4. Thanks, Danika, both for sharing your expertise, and for the candor of your commentary. I do think your brush is a little broad for the purpose, however…the concerns expressed during the panel discussion were valid, and merit a respectful response rather than one that borders on being patronizing.
    As an OSSTF rep, an accomplished teacher of a wide variety of courses, and an enthusiastic participant of #otf21c, I would like to urge my colleagues to adopt an open, welcoming, and invitational approach to those who are not leading the wave. We are like our students: an exciting and heterogeneous mix of learning styles, aptitudes, and talents. Each brings something of value to the mix and to our own professional growth.
    An expression of concern deserves a reasoned discussion, not an accusation of fear-mongering.
    I hope that the discussions mentioned by Melanie are filled with innovation and ideas for progress rather than derision and disdain for those who are struggling to find their own balance and comfort zones.
    Best of luck @ unplugd.

  5. Dear Nanobozho – since you couldn’t dignify your comment with a real name (as a professional commenter would do – and as our boards and unions encourage us to do). There is no doubt, from Danika’s measured and professional summary of the event, that there were many different views present. All she has done is to articulate the very real compromise many teachers experience and that is hardly patronizing. Though your comment is ironic “merit a respectful response rather than one that borders on being patronizing” really was.

    The climate of fear that exists for teachers is coercive, corrosive and deskilling and it fills me with deep shame for our profession.

    Comments like yours – and the spirit behind them – are just ONE of the many reasons so many great new teachers leave the profession. that and terrible working conditions that the unions don’t seem to do much to address.

    This is the internet. It is a space of relative freedom where people can share ideas and hopefully build a better world. Welcome to the future.

  6. “I hope that the discussions mentioned by Melanie are filled with innovation and ideas for progress rather than derision and disdain for those who are struggling to find their own balance and comfort zones.”

    It’s unfortunate that you come to this discussion with such defensiveness and aggression. Or that your first impulse is to speculate on the character or content of the people and conversations I and others seek to engage.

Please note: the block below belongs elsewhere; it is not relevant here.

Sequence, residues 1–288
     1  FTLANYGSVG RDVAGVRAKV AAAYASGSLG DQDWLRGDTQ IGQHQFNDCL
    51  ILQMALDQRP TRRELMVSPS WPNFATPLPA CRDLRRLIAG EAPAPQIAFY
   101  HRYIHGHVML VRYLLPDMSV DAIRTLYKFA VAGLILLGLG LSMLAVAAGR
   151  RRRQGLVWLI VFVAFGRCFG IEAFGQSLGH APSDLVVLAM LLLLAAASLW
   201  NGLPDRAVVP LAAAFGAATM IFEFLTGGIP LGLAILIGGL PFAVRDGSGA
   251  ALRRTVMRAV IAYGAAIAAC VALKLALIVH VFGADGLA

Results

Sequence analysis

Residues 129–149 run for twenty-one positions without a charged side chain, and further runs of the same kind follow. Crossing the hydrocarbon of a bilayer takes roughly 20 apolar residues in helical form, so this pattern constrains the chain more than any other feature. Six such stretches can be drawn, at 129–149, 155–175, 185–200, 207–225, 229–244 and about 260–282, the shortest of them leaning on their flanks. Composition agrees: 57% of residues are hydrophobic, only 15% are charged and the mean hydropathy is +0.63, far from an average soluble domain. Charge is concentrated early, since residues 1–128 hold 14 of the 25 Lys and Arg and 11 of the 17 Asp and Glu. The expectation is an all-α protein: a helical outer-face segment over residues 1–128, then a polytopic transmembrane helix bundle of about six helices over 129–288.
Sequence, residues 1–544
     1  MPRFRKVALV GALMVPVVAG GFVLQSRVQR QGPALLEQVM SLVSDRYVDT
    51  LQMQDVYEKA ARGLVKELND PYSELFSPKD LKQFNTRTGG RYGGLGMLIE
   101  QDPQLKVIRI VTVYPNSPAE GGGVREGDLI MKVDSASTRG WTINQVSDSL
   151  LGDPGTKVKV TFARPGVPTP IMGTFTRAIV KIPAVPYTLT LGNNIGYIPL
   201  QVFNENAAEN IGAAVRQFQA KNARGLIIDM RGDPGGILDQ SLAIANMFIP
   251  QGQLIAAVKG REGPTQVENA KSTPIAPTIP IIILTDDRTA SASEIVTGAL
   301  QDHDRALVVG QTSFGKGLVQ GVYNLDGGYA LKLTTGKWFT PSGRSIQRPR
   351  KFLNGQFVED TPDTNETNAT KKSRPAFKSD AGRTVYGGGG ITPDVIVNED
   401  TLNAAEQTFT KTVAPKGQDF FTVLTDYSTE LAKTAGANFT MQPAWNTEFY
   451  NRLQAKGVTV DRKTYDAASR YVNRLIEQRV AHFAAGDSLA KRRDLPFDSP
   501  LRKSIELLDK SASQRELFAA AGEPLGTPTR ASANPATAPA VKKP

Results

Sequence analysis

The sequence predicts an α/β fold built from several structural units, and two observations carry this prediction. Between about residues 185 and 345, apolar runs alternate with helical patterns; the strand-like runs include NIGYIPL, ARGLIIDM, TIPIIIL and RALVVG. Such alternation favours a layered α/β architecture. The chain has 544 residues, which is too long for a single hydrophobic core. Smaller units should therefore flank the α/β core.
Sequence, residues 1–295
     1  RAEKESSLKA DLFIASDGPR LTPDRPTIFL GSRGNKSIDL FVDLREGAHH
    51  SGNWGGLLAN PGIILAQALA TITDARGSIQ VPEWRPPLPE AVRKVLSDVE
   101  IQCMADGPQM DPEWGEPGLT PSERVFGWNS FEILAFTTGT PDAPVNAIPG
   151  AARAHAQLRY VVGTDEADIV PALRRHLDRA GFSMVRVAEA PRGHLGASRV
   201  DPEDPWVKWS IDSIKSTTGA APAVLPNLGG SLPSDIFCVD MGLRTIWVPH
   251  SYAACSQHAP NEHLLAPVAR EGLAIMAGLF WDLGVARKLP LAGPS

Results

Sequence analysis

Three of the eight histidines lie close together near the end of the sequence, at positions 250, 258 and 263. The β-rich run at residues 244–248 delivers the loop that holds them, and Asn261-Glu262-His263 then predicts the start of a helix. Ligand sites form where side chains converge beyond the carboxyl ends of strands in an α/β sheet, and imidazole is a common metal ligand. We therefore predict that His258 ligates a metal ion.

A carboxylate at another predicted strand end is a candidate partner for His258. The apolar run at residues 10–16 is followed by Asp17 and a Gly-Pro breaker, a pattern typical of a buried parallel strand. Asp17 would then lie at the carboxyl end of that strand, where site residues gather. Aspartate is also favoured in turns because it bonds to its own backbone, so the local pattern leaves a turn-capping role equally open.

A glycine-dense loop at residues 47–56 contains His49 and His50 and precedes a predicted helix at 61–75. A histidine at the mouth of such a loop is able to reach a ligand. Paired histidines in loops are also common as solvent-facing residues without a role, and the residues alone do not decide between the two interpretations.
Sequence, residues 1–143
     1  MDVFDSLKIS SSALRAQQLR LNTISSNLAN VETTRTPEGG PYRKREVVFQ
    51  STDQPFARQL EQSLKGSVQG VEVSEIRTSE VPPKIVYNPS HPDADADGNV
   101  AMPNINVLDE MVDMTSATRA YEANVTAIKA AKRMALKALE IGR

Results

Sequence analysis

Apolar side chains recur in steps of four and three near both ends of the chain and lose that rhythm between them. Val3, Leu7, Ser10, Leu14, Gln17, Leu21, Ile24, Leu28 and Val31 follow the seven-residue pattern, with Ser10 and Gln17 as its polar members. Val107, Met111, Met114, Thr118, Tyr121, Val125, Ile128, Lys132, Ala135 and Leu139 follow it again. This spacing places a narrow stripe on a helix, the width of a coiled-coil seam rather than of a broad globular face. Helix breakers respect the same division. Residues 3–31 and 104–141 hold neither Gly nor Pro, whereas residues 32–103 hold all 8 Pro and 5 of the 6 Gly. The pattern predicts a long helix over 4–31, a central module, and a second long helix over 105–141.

I have no doubt that you have endured a fair amount of “derision” and “disdain” as a union rep and I’m sorry that you would choose to project that back at those who are working hard to create a better future for our students in a positive and innovative context of education.

    I have no doubt that the disdain you speak of is a real part of our experience, but it’s a far cry from the kinds of conversations I’ve been having among the educators mentioned above and wish to encourage. In fact, when I did enjoy a social conversation recently with teachers we ended up talking about videogames and all sorts of other FUN things we were exploring. Talk about working overtime to make things better.

    For the record, when I invite teachers to engage in a more candid conversation about moving beyond fear it’s actually a move away from the sort of culture of complaint you describe. A move to towards a greater freedom to express ourselves and our ideas without fear rather than reinforcing facile, unproblematized binaries.

  7. Thank-you,” Sandy” , for proving my point. If I were a younger, less experienced teacher, I would now be too intimidated to engage in the discussion. I used the name that I am known by at #otf21c. For doing so, I am “unprofessional”.
    I am currently using technology where I can, and pushing the limits of my comfort zone. I am truly sorry if you misread the “spirit” behind my comments; they were intended to be a request for the development of an inclusive climate that celebrates and discusses dissent. I am also sorry that you feel yourself to be in a corrosive and coercive climate. I guess I am one of the lucky ones who has strong collegial relationships with others willing to facilitate change co-operatively.
    In that spirit, I offer you a challenge: run for a position with your Federation ( Political Action Committee?), and become the change you would like to see. I, for, one, would welcome someone who feels so passionately about important issues to join the crusade for change and growth within the Federation.
    Sorry to take the conversation so far from your excellent summary of a terrific conference, Danika. I’m looking forward to implementing what I have learned from you, Will, and the others. Hopefully, once I manage to get my own blog up and running, we can continue the discussion!

  8. Wow! All the interesting discussions happen when I leave the room ;) There’s the power of blogging.

    I have absolutely no problem with someone commenting and expressing a differing view point, especially since lately I’ve been complaining that Twitter (and other types of social media with which teachers engage) seems to be a real echo chamber at times. So yes, I encourage dissent!

    The only thing I’m unclear about is what exactly Nanobozho thought was patronizing about my response and whether N means my response during the panel or in this blog post. If it was my response during the panel discussion, I hope nerves and being “on the spot” can be excused for appearing patronizing. If it’s my response in this blog, then perhaps it’s my fault for not taking the time to express myself clearly enough in my eagerness to summarize my reflections on this conference.

    Either way, being patronizing is certainly not my intent.

    That being said, I do get frustrated, just as I imagine union representatives who have to keep repeating the same messages to their members get frustrated. I completely sympathize with them. The point I was trying to make (although in retrospect it may not read that way) is that I am aware of my own frustration and that I need to remember to be patient with people who are new to these ideas and justifiably concerned and cautious.

    It’s sometimes easier said than done though and it’s reassuring to see people like Will struggle with the same frustration. He always comes off as humble and gracious, and I could learn a thing or two from him about that.

    As always, thank you so much for reading and commenting. Can’t wait to follow your blog Nanobozoh! I’m glad you had a good experience at the conference.